The inaccessibility of making things accessible can be so frustrating. There is this audiobook and edu material mess, and then there are all the accessibility testing problems where the accessibility testing tools aren’t accessible.

But back to the programming books again. They are incredibly frustrating. I want to learn programming, and while even just trying to proof listen to some of the materials (with my own devices accessibility set so that I can use them), it’s screamingly obvious I’ll need much more heavy-handed solution to be able to learn. Do I care if the study text is read out by a human reader or a machine voice of my choice? No, not really. Do I care that so much of the code and punctuation is left out? I do. And without redesigning the whole audiobooks apps’ functionality, that would make me go to the machine voices. Because then I can stop, use  the rotary to switch to full punctuation, and listen to the code section with detail. before switching the punctuation back to my regular settings. I could of course also make some things huge on the screen and hope to catch any typos or bad code. Or, better yet, finally get a refreshable braille display and learn all the punctuation codes I need. Read and check the code without the excuse of bad eye days, and with no easy way outs for not knowing the correct syntax just because you’ve never seen it.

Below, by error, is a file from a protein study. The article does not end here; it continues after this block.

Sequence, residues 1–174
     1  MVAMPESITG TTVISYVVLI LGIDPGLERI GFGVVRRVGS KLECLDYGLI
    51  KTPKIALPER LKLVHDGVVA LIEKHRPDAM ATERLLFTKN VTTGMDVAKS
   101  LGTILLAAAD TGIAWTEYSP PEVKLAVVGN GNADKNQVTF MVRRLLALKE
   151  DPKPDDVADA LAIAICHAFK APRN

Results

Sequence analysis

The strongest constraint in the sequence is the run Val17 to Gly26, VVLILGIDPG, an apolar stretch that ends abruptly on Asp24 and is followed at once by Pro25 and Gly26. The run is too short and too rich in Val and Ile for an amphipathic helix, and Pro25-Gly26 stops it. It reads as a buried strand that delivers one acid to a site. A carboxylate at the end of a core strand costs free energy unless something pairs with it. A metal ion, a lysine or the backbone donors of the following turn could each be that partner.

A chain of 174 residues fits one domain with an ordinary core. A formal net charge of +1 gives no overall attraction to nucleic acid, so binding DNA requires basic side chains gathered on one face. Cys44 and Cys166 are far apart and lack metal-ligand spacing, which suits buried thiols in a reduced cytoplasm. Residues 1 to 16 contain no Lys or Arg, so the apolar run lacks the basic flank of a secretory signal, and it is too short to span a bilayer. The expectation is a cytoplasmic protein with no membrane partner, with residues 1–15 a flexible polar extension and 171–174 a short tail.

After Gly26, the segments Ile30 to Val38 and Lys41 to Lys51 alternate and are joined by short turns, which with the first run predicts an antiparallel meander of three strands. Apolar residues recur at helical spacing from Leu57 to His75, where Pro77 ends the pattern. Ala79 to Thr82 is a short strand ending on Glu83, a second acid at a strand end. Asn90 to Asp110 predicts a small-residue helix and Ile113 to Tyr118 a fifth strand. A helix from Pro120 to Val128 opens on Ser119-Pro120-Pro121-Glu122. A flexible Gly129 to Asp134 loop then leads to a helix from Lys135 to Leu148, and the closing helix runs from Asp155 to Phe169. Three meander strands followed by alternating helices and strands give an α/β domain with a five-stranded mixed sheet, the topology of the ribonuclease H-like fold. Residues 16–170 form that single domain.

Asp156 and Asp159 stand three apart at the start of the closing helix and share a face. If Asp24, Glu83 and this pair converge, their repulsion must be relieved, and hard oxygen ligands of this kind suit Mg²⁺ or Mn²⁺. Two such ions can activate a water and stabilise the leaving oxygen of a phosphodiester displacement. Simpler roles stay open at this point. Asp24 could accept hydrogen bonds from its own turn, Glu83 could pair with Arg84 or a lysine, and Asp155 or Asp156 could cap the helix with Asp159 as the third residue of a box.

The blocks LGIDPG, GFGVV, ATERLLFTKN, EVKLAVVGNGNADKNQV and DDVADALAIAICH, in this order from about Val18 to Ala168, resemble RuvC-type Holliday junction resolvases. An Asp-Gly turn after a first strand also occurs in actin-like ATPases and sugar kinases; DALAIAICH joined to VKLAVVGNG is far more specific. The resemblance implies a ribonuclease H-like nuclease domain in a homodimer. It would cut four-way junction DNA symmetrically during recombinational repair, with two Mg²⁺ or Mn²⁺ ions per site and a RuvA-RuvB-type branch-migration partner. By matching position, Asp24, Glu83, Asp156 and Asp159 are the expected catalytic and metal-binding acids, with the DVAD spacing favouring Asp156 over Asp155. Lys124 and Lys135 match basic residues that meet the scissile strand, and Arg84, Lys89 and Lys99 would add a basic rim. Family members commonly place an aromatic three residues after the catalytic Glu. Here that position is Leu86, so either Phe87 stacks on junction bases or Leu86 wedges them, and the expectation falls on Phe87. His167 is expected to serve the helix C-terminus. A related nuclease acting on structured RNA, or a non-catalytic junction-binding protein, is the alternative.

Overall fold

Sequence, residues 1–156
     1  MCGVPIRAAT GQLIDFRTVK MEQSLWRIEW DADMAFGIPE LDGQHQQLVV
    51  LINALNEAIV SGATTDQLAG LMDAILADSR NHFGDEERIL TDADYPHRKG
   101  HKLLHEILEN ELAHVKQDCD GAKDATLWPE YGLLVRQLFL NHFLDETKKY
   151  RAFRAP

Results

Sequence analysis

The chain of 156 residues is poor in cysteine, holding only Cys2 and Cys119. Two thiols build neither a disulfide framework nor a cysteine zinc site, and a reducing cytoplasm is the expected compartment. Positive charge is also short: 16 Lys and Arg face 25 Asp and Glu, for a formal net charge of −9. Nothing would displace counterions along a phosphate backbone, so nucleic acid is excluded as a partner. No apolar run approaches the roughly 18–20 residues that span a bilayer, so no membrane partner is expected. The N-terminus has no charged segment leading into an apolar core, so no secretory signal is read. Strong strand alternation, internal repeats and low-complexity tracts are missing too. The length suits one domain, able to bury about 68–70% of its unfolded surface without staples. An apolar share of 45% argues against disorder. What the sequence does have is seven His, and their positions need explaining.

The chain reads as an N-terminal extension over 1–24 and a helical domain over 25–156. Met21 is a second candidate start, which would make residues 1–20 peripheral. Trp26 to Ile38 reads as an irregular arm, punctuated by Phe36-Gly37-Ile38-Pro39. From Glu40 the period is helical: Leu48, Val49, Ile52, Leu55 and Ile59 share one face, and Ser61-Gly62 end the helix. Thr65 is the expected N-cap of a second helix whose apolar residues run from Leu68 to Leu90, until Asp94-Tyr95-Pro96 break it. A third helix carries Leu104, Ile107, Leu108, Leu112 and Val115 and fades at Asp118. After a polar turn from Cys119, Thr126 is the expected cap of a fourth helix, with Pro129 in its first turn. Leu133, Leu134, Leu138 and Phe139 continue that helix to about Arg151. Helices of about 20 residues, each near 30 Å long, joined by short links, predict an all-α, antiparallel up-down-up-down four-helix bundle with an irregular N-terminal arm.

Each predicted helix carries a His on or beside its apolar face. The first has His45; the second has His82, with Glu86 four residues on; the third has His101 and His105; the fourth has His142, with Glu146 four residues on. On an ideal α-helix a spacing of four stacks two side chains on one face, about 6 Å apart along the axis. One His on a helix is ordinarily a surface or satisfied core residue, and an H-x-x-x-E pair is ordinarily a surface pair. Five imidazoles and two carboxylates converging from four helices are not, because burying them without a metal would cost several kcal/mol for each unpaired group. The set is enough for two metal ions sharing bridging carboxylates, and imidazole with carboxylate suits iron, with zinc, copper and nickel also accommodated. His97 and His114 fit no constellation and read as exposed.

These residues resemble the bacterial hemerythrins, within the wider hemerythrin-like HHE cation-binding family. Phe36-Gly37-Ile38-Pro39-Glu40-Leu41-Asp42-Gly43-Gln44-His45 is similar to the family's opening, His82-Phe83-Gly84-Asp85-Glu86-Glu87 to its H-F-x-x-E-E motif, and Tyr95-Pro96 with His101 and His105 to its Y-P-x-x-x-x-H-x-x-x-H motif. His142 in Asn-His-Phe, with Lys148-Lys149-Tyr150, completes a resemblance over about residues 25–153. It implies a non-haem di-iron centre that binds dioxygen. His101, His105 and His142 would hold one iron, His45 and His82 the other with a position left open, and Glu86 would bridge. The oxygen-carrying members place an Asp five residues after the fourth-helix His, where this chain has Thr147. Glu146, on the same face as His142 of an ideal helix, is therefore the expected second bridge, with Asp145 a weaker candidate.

So no matter how I look at all those codes and examples in the making (of those books in audio), they leave a sad air of inaccessibility having been a design choice. A relevant thing to ponder of course would be if it’s possible to make all books accessible in audio, but pretty much everything can (except maybe dictionaries, and those things would not really work in just audio). I’ve read (listened to) books about Roschacht ink blot tests, the importance of sign language in education, linguistics and many other topics where often someone’s been surprised to hear those exist in audio. And when it’s possible to make a book about the ink blot tests without needing to describe the ink blots, and with the listeners left with a feeling they just enjoyed the same whole book experience as the print readers, picking and enforcing some other intentional accessibility barriers in “accessible” book formats just becomes inexcusable. And this has been irritating me for several months now, more and more books becoming inaccessible by the reason. Choice.